How can we tell if we’re a survival specialist breather? We see through the suppleness of movement of the ribcage over 3 dimensions – when we lack good movement in one direction we’ve got a place to improve. Abdomens that have patterns of bracing and resting tension – when there’s a big set on the onset of breath we’ve got a place to improve. Pelvic floors that aren’t functioning well – when we leak when we sing high notes , we’ve got a place to improve.

So, how do we become expert breathers? We don’t do it by focusing on breath work alone (or at all, honestly, though I like using breath work as a way to assess the breath and for a variety of other things).

First, We need to find ways to address the traumas we’ve experienced. The type of trauma and the person you are will require your own unique set of skills to address it. It might include talk therapy, movement of some kind, energy work, meditation and even some focused breath work.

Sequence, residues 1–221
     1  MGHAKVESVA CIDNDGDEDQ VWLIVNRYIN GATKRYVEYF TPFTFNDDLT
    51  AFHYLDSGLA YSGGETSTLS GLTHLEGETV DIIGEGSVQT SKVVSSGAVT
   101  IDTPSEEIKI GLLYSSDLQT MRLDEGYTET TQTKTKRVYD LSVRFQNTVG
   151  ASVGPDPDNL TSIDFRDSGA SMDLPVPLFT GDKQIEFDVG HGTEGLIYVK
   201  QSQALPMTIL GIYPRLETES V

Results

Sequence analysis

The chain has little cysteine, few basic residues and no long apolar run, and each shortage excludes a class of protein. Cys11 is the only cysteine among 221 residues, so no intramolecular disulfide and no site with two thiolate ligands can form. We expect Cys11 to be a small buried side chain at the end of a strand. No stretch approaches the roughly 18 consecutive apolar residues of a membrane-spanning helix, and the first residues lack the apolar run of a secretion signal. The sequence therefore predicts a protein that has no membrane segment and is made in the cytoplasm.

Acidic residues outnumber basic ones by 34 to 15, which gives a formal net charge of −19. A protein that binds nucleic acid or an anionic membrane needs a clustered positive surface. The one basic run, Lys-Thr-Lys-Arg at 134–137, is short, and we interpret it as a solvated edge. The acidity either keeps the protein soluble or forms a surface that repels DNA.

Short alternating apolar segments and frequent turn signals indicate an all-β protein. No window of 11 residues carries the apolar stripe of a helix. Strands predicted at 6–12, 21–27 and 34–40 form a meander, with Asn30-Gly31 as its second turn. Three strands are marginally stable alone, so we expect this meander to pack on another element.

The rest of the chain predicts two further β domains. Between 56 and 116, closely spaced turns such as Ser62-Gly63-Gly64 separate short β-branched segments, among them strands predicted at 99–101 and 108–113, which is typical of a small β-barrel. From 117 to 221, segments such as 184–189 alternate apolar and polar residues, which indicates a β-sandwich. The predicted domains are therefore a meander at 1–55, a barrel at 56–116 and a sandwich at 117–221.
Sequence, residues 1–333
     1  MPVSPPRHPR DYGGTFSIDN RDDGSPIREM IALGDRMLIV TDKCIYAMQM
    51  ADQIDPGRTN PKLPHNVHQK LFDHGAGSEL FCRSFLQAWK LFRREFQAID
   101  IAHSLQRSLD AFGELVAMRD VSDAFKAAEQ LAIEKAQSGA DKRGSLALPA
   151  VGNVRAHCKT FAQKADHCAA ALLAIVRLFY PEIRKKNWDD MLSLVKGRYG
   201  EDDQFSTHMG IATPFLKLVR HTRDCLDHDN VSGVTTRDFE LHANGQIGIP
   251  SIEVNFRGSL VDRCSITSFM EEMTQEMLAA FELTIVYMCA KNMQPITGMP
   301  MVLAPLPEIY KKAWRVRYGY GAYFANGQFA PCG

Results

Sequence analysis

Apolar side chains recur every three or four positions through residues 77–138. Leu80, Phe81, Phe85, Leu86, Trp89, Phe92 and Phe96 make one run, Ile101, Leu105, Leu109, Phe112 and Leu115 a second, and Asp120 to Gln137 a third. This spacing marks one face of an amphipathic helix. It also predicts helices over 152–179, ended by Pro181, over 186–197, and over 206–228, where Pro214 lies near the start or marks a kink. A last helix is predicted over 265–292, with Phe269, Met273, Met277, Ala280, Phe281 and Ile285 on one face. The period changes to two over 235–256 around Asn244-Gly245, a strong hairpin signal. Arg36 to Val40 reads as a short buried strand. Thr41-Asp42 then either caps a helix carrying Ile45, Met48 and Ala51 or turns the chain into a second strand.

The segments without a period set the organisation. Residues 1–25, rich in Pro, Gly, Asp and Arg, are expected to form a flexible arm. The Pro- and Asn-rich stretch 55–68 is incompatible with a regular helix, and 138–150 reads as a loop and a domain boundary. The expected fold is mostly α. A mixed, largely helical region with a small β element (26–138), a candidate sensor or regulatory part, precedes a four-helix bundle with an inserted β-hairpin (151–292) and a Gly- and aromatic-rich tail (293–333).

We also need to be creating diverse shapes with our bodies over the course of every day. In particular we need to be doing more activities that challenge our upper bodies by changing and adding load.

A few ideas to get your started:

  1. Hang from a pull-up bar. You can keep your feet on the ground, but get used to supporting more of your body weight in your arms by bending your knees.
  2. Walk while holding something heavy in your arms. As anyone who has paced the floor while holding a 6 pound newborn will tell you, this can be surprisingly challenging! You may want to start with a shorter distance and a lighter weight – walk around the block holding your New Grove Dictionary.
  3. Do a move like a wood chopper while holding a medicine ball (or your New Grove!). Click here to see what this looks like if you aren’t sure. You get twist and load with this move.

I’m sorry to say I don’t think you were born a breathing expert. BUT, you were born with a body that is meant to move, move more and move well. That means you can start today to move in ways that ask more of the way you create different shapes with your body, breathing while your body is in a variety of configurations under a variety of different circumstances. That will translate to more suppleness in your torso and more expertise in your breathing.